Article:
VOCABULARY – Keeping Track Of Class Vocabulary
About a year ago, I started to use QUIZLET to keep track of all vocabulary items we discussed in our lessons and it turned out to be really useful for both, online or face-to-face lessons. Quizlet is a platform where you can create flashcards to help your students memorize lexical items. The site does not send you any marketing mails or newsletters, but the free version has some banners (for all ages) on its pages. So, I set up a simple Teacher account and started to create my sets, one for every course.
The things is very simple: once you have a free account as a Teacher, you can click onto Create, give a name to your set and start typing in the words and their meanings. For lower levels, my sets are bilingual (English-Italian), for higher levels monolingual (word + English definition/explanation).
If sets get too long, it takes a while to reload them and add new items to them, so my suggestion is that you open a new set after about 100 words.
At the end and on the page of every set, you have the possibility to share the set with your students.
This window pops up:
Once the students receive a set (only once, they will have access to all updates made to this set), they can start practising:
– flip through the cards with the small arrows under them (by clicking on one, it turns around showing the meaning/definition) – FLASHCARDS
– be shown one word and four possible meanings (multiple-choice questions) – LEARN
– practise spelling by typing in the English version for the displayed meanings/definitions – WRITE
– do the same, but after listening to the words (although these are also written for them) – SPELL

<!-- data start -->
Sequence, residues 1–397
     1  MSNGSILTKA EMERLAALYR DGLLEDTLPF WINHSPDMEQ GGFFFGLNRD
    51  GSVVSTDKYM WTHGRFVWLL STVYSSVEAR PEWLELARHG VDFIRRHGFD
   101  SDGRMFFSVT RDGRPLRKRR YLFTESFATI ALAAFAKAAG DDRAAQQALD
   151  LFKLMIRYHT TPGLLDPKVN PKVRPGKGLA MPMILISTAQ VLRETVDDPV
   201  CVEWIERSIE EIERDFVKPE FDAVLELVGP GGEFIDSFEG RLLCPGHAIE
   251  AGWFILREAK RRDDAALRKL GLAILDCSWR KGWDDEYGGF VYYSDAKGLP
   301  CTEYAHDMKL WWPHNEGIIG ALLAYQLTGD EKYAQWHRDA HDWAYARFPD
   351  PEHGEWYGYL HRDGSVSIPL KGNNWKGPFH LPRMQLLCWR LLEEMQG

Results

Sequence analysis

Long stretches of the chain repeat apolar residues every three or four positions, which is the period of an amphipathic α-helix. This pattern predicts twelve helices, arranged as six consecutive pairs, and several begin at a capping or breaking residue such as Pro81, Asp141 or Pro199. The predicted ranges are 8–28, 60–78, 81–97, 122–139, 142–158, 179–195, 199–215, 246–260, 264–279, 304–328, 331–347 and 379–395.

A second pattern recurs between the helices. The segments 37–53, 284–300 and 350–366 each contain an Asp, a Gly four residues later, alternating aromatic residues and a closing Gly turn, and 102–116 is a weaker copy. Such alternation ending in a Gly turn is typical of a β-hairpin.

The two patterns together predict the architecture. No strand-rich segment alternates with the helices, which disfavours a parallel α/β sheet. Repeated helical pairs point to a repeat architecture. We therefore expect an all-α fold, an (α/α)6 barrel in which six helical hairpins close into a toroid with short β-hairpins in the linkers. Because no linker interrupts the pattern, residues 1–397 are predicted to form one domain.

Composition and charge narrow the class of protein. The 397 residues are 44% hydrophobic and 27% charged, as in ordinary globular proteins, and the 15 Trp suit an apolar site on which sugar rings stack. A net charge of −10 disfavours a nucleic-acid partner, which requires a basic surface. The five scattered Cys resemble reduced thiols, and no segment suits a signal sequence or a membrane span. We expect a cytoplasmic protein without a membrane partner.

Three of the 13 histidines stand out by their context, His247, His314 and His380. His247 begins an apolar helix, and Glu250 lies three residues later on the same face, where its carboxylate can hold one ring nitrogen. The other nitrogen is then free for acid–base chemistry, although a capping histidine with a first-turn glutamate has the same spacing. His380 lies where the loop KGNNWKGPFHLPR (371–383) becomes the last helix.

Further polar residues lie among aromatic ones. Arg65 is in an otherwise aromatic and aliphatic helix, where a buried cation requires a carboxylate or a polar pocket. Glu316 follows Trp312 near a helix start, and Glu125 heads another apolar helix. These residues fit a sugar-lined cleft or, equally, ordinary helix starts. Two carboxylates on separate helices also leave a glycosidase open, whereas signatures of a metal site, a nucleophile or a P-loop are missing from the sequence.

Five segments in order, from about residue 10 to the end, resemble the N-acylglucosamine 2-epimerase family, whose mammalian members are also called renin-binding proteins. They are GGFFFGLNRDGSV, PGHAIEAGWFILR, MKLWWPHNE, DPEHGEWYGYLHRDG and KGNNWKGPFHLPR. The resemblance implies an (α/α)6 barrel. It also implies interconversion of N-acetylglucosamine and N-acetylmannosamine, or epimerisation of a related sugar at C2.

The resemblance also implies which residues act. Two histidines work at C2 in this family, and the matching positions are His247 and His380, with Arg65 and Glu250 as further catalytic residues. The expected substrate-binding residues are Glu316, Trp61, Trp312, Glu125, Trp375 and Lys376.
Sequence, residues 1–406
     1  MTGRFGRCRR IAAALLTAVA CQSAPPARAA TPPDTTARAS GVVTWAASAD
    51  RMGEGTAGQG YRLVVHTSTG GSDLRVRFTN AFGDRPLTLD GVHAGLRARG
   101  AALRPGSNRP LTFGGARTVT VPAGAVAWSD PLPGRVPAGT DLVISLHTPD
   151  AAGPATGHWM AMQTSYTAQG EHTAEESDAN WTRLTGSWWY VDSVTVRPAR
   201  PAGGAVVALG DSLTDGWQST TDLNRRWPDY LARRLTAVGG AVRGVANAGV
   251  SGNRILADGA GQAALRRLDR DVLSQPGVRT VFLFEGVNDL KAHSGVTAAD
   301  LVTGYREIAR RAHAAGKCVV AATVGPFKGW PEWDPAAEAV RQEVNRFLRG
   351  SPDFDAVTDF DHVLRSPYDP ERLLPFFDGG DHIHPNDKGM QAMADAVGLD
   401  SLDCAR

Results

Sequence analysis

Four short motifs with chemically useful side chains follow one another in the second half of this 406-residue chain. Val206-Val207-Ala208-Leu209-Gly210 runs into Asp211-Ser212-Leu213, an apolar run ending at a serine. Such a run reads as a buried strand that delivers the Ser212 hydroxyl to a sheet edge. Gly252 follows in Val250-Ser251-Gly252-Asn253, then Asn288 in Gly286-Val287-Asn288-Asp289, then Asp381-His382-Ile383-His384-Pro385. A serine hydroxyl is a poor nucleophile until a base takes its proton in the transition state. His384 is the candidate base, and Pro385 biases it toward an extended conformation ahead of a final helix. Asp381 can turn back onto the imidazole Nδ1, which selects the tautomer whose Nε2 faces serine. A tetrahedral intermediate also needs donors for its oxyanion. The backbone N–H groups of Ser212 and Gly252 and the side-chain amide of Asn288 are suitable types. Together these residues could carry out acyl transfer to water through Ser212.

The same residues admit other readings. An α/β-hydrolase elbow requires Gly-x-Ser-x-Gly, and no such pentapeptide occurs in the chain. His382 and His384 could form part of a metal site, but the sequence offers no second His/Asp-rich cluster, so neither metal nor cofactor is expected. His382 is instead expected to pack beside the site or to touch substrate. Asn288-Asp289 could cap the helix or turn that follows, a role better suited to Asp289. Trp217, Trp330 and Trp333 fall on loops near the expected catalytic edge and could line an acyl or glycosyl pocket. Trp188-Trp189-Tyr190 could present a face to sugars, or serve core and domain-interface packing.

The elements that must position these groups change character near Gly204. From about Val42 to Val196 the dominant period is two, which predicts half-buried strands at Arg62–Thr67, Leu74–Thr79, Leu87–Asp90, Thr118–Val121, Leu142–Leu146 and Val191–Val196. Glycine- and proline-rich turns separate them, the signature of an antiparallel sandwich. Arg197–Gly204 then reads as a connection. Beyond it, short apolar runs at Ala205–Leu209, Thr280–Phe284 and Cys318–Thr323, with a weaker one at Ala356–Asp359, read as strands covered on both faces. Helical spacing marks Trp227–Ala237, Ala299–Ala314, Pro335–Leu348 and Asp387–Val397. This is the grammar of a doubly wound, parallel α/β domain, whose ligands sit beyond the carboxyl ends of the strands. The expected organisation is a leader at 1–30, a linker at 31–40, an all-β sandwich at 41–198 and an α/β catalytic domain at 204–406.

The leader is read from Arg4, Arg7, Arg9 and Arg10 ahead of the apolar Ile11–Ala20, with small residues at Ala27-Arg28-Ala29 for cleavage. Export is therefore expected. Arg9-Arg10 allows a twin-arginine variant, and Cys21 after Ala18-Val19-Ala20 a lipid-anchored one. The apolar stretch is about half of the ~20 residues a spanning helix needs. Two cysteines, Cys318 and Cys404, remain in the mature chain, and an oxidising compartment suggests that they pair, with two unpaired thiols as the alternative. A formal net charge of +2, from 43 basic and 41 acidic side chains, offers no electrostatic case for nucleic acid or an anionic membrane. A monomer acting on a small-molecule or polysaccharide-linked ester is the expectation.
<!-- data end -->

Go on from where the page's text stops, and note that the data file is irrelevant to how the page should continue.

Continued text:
– check their knowledge with 20-question tests – TEST.
Also the students have to register the first time they use the program (or download the App). Once they are registered, the platform remembers their scores and make them revise the new or problematic words/expressions.
You can also involve your students and ask them to create a set for a lesson (or the lessons of the week) and this way, also they are responsible for the class wordlists. Ask every week another student to do this. They should share it only with you first, so that you can double-check that everything is correct. Then they can share it with the class. It will be important that you agree on deadlines.
Set clear rules for the format and layout:
– Do you use pictures?
– Do you separate words with a dash or a slash or a comma?
– Do you start sentences with a capital letter? (I’d say: yes.)
– Do you finish a sentence with a dot, a question mark or an exclamation mark? (I’d say: yes.)
– What and how do you abbreviate (something – sth/sg)?
– Do you give details about part of speech (noun, verb, adjective, etc.)?
– How do you distinguish an infinitive verb: with to or in another way? (If you write, for example, work, it can be a noun, too.)
These rules are important, because students often lose marks just because they don’t use capital letters (e.g. monday instead of Monday) or they write win, won, won instead of win – won – won.
The easiest way to prepare for these rules is to go through some sets as a student (not yours, you have access to any teachers’ sets, just type something into the search field). You will see what ‘mistakes’ you made and also that most/none of them will be lexical problem (you might come up with a synonym, obviously).
These editable Google Forms help you keep track of the lexical items you’ve already dealt with in your YL course:
Three Editable Exit Tickets for Adult/Teen and YL classes ready-to-be-built into your weekly/monthly routine to get feedback from your students:
This is a set of 27 lexical items linked to Christmas from Santa Claus & Christmas tree over bells & angel to Christmas pudding & snowflake. There are two files attached: a Google Slide which you can personalize and a pdf file.
WHERE WOULD YOU LIKE TO GO NOW?